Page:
Pieces of eight

The Vocal Octet will join voices with the Latino American Folklore Ensemble in the Vocal & Beats series.

Vocal Octet (photo credit: Courtesy)
Vocal Octet
(photo credit: Courtesy)
The next installment of the Vocal & Beats series offers an exciting mix of Latin American colors, rhythms and emotions. Series artistic director percussionist Chen Zimbalista has combined the richly layered singing textures of the Vocal Octet ensemble with the Latino American Folklore Ensemble, which the publicity blurb describes as “an exciting and multi-hued evening of South American music and samba and salsa rhythms.”
Vocal Octet is one of the most durable vocal outfits in the country and has been performing and recording with a wide range of material and instrumental ensembles since 1985. Tenor Ron Gang , who has been with the octet since 1986, says the group has managed to maintain a great degree of personal and musical stability throughout.
“We have had some changes in the lineup over the years, but they have been very gradual,” notes Gang, who serves as the octet’s artistic director. “We perform several programs, including South American music, with Misa Criolla.”
The ever-popular Ariel Ramirez composition is the centerpiece of next week’s concerts. It is a work with which both ensembles are highly familiar, having performed it individually and jointly several times over the years.
“We have a Jewish music program and a show based on Beatles songs,” continues Gang. “We have performed this South American program with the Latino American Folklore Ensemble dozens of times, so we are very comfortable with each other.”
Gang says the current program always goes down well with audiences. “It is South American folklore music with all the colors you expect. It is always popular, however many times the audience hears it and however many times we perform it.”
Next week’s concerts also feature Ramirez’s Navidad Nuestra and a Hebrew version of his Alfonsina and the Sea.
Over the years Vocal Octet has specialized in a capella renditions of a wide range of material, so when it comes to sharing the stage with instrumental outfits, certain considerations have to be taken into account.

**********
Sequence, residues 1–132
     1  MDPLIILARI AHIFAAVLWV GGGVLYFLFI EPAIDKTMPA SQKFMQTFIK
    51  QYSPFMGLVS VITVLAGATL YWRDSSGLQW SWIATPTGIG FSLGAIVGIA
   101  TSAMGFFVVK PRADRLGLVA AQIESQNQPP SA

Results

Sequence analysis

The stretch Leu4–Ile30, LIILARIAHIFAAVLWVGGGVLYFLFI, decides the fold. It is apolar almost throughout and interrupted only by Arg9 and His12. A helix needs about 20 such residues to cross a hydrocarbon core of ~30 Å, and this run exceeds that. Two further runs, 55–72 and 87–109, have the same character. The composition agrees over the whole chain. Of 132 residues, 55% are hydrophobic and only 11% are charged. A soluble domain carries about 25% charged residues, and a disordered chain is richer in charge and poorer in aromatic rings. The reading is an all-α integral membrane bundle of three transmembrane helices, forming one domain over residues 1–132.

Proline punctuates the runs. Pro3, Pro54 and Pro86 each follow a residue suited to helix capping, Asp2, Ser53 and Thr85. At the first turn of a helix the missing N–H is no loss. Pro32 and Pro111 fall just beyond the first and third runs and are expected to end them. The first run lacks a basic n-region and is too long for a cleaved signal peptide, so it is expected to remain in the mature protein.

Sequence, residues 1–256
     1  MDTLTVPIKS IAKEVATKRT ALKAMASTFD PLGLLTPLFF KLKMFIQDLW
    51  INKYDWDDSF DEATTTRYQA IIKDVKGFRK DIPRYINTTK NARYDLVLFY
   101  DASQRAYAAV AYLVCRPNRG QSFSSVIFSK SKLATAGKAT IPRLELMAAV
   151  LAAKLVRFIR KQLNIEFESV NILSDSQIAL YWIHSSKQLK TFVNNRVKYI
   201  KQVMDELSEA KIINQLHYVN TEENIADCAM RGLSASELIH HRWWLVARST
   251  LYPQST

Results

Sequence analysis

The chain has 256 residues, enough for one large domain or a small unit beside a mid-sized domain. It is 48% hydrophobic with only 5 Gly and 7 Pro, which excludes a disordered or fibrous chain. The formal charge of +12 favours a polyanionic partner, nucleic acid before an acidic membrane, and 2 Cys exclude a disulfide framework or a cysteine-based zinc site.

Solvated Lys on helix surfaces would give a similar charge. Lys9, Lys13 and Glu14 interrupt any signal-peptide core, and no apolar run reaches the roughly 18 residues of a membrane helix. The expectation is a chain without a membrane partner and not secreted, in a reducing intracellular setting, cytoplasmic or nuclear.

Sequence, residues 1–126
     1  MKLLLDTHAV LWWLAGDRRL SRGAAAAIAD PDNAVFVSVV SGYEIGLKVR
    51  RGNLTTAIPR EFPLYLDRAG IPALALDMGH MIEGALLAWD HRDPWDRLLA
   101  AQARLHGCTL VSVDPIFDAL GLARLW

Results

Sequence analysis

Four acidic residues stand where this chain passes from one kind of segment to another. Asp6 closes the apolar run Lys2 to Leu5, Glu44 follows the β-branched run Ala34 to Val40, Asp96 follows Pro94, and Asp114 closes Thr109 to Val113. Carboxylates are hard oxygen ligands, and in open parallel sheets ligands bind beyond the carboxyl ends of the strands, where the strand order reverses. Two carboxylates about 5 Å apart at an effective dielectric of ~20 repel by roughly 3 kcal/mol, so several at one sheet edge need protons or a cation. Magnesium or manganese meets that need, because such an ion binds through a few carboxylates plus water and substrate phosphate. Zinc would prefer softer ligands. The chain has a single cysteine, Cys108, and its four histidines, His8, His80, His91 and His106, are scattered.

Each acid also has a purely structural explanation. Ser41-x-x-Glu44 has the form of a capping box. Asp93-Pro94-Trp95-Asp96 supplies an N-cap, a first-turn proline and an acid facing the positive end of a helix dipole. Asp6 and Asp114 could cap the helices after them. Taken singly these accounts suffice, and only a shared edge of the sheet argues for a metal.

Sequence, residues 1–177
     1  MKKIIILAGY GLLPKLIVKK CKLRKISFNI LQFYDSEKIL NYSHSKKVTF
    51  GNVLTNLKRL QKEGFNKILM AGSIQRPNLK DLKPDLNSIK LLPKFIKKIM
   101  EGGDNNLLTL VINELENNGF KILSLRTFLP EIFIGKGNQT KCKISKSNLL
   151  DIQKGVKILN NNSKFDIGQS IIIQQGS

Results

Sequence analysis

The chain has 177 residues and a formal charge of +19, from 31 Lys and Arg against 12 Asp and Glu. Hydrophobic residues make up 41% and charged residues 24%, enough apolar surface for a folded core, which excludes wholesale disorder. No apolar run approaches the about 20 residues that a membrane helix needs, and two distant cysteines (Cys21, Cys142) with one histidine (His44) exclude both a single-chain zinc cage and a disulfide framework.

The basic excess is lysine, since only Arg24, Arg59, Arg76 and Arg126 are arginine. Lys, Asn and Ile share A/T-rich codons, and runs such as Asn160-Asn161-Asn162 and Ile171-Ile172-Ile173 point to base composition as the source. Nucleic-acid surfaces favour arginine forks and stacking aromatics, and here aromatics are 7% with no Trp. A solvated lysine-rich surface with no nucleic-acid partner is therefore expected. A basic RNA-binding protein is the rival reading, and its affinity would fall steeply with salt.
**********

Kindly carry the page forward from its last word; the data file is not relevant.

“We prefer performing without any instrumental accompaniment, but in the case of next week’s concerts that isn’t such a problem, as there are only four players in the instrumental ensemble,” explains Gang. “That isn’t the case when we perform will a full orchestra. We often like to imitate instrumental sounds with our voices, but that comes through less when there are a lot of instrumentalists involved. But when we work with an instrumental ensemble of any size, our main aim is to maintain the unique Vocal Octet a capella sound. However, we also don’t want the instrumentalists performing with us to become a sort of accompanying ensemble. We want to allow them to also produce their best and to express their own approach to the music and also as an integral part of what we do. For me that’s the challenge of any cooperation, especially this concert with Misa Criolla.”
The Vocal Octet lineup offers the group numerous permutations.
There are four female and four male singers, two each in the soprano, alto, tenor and bass categories. Besides its main repertoires, the group has also provided the Hebrew choral parts of a number of box-office hit dubbed animation movies here, such as The Lion King, Pocahontas and Beauty and the Beast.
Gang says that the vocal mix is enriched by the different musical background that each member brings with himself or herself. “We have singers who come from light music or from jazz. I grew up with The Beatles and pop music of the 1970s and 1980s and classical music like Mozart works, so we each bring something with us besides our musical skills. I am sure that the Latin American concerts will be colorful and fun.”
The four-member ensemble and the a capella octet will perform at Einan Hall in Modi’in on December 20 (8:30 p.m.); Tel Aviv Museum of Art on December 22 (9 p.m.); and Abba Hushi House in Haifa on December 24 (9 p.m.). For tickets: (03) 573-3001